Blackwell Publishing Journal Backfiles 1879-2005
Gravity cores of Holocene sediments from a shallow ephemeral lake in the Coorong region (Pellet Lake, southeastern coastal Australia) show a mineral assemblage and sequence particular to its hydrology. The mineralogical sequence above an initial dolomitic siliciclastic sand reflects conditions of increasing salinity in the lower portions of the core (i.e. organic-rich aragonite to magnesite + hydromagnesite + aragonite) followed by a relative decrease in salinity (i.e. magnesite + aragonite + hydromagnesite to aragonite + hydromagnesite) in the upper portions of the core. This sequence is capped by ˜ 0.4 m of micritic dolomite and minor amounts of hydromagnesite, with the relative abundance of dolomite increasing upwards. Three stratigraphically and spatially distinct dolomite units (upper, lower and margin) are recognized using stable carbon and oxygen isotope data, unit cell calculations and MgCO3 mole per cent data of the dolomite.Detailed X-ray diffraction (XRD) analyses of samples with more than 80% dolomite shows that the dolomite is ordered. Average unit cell parameters, calculated from the XRD patterns, indicate that the upper dolomite unit has crystal lattices expanded in the co direction (co= 16.09 Å) relative to ideal dolomite (co= 16.02 Å) and contracted in the ao direction (ao= 4.796 Å) relative to ideal dolomite (ao= 4.812 Å). The mol fraction of MgCO3 in the upper dolomite shows up to 4.0 ±M 2.0 mole per cent excess Mg in the dolomite crystal lattice (calculated from XRD). This unusual dolomite crystal chemistry is probably generated by rapid precipitation from solutions which have greatly elevated Mg/Ca ratios. Transmission electron microscopy reveals that the upper dolomite has a heterogeneous microstructure which also suggests rapid precipitation from solution. The modulated microstructure found in calcium-rich dolomite is completely lacking. Dolomite ordering reflections are present in electron diffraction patterns, but are weak.Stable oxygen and carbon isotope values of the upper dolomite are tightly grouped (ave. δ18O ∼+ 7.55%o, δ13C ∼+ 4.10%o), yet show three upward-lightening oxygen cycles. The oxygen cycles correlate with three upward decreases in the calculated Mg content of the dolomite zone. These cycles may indicate the increased importance of rain-water dilution of the brine at times when the water in the lake was at its shallowest levels.Analyses of the lower dolomite and the margin dolomite suggest that these units precipitated more slowly from less evaporitic brines than the upper dolomite unit. The lower dolomite is close to stoichiometric, has less evaporitic stable isotope values than the upper dolomite, and has only a slightly expanded co-axis. The margin dolomite is Ca-rich, has a more homogeneous microstructure, and has expanded ao and co axes.The abundance of relatively soluble Mg-bearing phases, such as hydromagnesite and magnesite, may supply additional magnesium for the dolomitization of aragonite and calcite during subsequent diagenesis and burial of the sediment. This process may leave a finely laminated dolomicrite deposit which retains little, if any, evidence of evaporite minerals.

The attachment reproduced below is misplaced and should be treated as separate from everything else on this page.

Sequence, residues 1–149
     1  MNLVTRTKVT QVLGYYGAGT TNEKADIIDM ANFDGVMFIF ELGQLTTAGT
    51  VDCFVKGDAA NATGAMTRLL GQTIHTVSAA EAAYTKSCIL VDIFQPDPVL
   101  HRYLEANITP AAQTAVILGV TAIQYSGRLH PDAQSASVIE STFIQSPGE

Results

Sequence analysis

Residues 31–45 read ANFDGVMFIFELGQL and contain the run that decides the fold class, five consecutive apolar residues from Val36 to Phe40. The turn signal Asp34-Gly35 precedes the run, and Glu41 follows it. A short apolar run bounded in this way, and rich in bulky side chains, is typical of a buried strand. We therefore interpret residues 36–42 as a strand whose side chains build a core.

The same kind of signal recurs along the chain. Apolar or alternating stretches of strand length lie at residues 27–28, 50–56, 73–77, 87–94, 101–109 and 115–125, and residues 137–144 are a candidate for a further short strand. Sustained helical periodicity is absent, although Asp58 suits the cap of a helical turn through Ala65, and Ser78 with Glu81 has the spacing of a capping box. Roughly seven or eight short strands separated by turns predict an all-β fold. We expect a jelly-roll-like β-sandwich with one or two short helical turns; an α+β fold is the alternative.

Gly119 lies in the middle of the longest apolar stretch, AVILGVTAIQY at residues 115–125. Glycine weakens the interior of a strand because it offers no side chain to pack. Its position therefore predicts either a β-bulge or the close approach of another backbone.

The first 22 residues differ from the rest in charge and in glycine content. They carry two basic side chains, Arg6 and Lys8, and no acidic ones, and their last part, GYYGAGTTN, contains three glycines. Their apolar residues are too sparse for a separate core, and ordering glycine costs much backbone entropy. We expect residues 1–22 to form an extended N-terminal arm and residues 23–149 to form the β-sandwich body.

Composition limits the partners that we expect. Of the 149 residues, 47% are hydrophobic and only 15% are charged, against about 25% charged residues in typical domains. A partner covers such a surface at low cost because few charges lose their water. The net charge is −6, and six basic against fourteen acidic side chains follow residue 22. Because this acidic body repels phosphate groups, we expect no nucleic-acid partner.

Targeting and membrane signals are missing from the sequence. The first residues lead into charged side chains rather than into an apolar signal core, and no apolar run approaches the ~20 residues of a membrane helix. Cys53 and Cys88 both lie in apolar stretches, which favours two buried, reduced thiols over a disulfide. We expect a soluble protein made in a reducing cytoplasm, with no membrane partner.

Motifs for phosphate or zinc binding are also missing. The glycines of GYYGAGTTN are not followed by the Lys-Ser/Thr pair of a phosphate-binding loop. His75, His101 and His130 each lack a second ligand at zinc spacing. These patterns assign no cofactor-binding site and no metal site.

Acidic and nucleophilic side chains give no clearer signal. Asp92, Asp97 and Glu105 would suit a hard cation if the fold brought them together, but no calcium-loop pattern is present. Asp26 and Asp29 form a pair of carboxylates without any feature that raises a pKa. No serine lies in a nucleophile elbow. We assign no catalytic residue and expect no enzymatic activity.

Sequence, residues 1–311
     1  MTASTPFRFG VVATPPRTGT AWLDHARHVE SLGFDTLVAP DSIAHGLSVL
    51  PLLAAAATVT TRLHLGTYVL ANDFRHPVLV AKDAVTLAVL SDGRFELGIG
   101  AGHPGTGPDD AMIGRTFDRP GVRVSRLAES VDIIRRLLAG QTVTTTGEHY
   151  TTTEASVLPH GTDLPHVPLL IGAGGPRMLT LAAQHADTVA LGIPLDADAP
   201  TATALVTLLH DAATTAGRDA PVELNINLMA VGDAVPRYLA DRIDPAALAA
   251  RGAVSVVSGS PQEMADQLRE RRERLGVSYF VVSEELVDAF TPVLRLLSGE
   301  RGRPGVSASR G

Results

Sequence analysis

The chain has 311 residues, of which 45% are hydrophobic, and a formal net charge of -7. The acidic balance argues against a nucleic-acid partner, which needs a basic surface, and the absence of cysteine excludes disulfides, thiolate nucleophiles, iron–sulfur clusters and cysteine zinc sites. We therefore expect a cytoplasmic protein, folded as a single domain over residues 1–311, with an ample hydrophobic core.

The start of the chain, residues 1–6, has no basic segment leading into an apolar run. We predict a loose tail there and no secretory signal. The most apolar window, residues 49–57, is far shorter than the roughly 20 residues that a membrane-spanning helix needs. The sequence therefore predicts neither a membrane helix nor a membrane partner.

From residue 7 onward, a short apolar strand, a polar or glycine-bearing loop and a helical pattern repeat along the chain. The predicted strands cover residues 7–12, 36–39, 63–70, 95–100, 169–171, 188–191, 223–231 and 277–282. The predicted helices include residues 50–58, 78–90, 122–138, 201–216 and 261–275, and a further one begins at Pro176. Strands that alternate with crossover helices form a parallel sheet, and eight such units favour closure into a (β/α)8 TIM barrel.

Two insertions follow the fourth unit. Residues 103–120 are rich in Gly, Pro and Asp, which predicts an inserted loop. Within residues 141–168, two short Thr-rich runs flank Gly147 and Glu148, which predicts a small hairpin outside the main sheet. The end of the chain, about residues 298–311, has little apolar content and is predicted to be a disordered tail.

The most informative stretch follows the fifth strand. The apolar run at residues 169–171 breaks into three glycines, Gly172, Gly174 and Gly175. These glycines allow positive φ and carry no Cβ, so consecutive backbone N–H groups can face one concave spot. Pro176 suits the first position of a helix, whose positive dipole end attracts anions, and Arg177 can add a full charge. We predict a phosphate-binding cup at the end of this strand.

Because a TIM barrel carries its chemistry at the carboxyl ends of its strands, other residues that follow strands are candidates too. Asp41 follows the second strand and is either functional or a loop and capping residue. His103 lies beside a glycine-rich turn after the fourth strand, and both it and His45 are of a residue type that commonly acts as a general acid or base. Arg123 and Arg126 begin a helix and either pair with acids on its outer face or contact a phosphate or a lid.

Type of Medium: